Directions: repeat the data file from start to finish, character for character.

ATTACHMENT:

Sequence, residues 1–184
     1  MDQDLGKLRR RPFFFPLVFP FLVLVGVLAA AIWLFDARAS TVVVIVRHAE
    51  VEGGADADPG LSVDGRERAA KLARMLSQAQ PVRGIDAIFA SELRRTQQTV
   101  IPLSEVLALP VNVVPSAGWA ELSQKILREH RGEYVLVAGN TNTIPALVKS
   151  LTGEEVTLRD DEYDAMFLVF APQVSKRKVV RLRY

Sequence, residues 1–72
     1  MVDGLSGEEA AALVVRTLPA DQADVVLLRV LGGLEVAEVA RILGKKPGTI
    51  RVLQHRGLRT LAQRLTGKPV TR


Sequence, residues 1–184
     1  MDQDLGKLRR RPFFFPLVFP FLVLVGVLAA AIWLFDARAS TVVVIVRHAE
    51  VEGGADADPG LSVDGRERAA KLARMLSQAQ PVRGIDAIFA SELRRTQQTV
   101  IPLSEVLALP VNVVPSAGWA ELSQKILREH RGEYVLVAGN TNTIPALVKS
   151  LTGEEVTLRD DEYDAMFLVF APQVSKRKVV RLRY

Sequence, residues 1–72
     1  MVDGLSGEEA AALVVRTLPA DQADVVLLRV LGGLEVAEVA RILGKKPGTI
    51  RVLQHRGLRT LAQRLTGKPV TR